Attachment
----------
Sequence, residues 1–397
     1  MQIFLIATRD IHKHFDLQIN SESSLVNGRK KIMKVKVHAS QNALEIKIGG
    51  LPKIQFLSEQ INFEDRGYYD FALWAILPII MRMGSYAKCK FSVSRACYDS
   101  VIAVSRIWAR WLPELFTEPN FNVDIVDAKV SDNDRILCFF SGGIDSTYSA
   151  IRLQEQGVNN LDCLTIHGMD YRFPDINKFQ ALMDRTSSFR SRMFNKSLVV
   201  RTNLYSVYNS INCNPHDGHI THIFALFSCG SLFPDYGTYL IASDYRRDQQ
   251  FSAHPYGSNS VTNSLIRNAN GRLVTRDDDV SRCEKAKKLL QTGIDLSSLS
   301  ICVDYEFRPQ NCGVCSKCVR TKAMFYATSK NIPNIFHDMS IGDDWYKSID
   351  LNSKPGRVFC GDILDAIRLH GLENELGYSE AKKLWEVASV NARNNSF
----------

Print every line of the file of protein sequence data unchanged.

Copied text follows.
Sequence, residues 1–397
     1  MQIFLIATRD IHKHFDLQIN SESSLVNGRK KIMKVKVHAS QNALEIKIGG
    51  LPKIQFLSEQ INFEDRGYYD FALWAILPII MRMGSYAKCK FSVSRACYDS
   101  VIAVSRIWAR WLPELFTEPN FNVDIVDAKV SDNDRILCFF SGGIDSTYSA
   151  IRLQEQGVNN LDCLTIHGMD YRFPDINKFQ ALMDRTSSFR SRMFNKSLVV
   201  RTNLYSVYNS INCNPHDGHI THIFALFSCG SLFPDYGTYL IASDYRRDQQ
   251  FSAHPYGSNS VTNSLIRNAN GRLVTRDDDV SRCEKAKKLL QTGIDLSSLS
   301  ICVDYEFRPQ NCGVCSKCVR TKAMFYATSK NIPNIFHDMS IGDDWYKSID
   351  LNSKPGRVFC GDILDAIRLH GLENELGYSE AKKLWEVASV NARNNSF